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How to assess your organisation’s cyber security resilience

Ian Brightwell | Jan. 10, 2017
It’s important to establish a common language so everyone understands the technical issues being discussed

High profile cyber attacks over the past 12 months – Census and the Bureau of Meteorology are two examples – have company directors scrambling to tighten up their IT security strategies.

Many are now wondering if their cyber resilience policies and procedures are effective enough in a global environment where attacks are more complex than ever. Directors also question how they will respond after an attack to lessen the financial and reputational impact on their organisations.

When creating a cyber security strategy, it’s important to establish a common language so everyone understands the technical issues being discussed.

Cyber security is a term often used synonymously with information security and business continuity and is generally seen purely as an information technology issue rather than a corporate risk issue. The truth is it is both.

The diagram below provides an easy way to understand the relationship between cyber security, information and risk management and how information technology management and business continuity also support security risks.

So, what questions do company directors need to ask when assessing their organisation’s cyber resilience?

The following questions are a starting point recommended in a report by the body responsible for company regulation the Australian Securities and Investments Commission (ASIC).

  • Are cyber risks an integral part of the organisation’s risk management framework?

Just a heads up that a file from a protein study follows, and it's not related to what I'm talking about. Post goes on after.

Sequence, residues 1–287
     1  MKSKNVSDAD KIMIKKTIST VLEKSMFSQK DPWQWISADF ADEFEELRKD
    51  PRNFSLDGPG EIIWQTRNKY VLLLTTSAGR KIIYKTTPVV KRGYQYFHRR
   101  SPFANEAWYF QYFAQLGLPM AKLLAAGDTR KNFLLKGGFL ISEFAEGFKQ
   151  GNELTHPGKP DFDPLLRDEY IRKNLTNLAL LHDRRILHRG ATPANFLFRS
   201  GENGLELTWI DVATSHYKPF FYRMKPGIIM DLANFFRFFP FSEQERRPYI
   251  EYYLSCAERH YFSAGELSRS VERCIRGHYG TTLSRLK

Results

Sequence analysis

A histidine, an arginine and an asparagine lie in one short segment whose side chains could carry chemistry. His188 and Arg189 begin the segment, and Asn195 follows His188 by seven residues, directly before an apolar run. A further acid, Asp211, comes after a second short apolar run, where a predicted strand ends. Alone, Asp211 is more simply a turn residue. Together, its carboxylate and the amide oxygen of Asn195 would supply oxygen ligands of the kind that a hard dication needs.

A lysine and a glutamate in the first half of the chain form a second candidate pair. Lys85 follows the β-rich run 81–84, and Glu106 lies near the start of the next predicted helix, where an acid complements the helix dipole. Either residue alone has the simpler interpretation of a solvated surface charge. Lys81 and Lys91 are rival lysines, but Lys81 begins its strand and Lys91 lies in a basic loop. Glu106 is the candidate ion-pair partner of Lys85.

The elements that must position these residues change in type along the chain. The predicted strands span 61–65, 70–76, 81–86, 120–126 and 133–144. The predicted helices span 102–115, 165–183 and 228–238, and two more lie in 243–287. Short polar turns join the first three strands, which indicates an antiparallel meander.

• How often is the cyber resilience program reviewed at the board level?
  • What risk is posed by cyber threats to the organisation’s business?
  • Does the board need further expertise to understand the risk?
  • How can cyber risk be monitored and what escalation triggers should be adopted?
  • What is the people strategy around cybersecurity?
  • What is in place to protect critical information assets?
  • What needs to occur in the event of a breach?

Many boards will find that management can only partially answer the above questions. To address this problem a range of cyber security frameworks have been developed to assist with the communication between the board and management and to focus discussion only on areas which need attention.

Is your organisation cyber resilient?

Several different frameworks are available to assist management address this question. All the reputable frameworks have similar elements and give similar outcomes if applied correctly, however some are more expensive and complex than others to implement.

In Australia, a commonly used framework is ISO 27000 which is an international standard against which organisations can be certified as compliant. Certification is a costly process and does not necessarily improve outcomes so many organisations will use this framework but not become certified.

However, one of the most commonly used frameworks internationally is the Cyber Security Framework (CSF) developed by the US National Institute of Standards and Technology (NIST). This framework is free and can be downloaded and used by any organisation.


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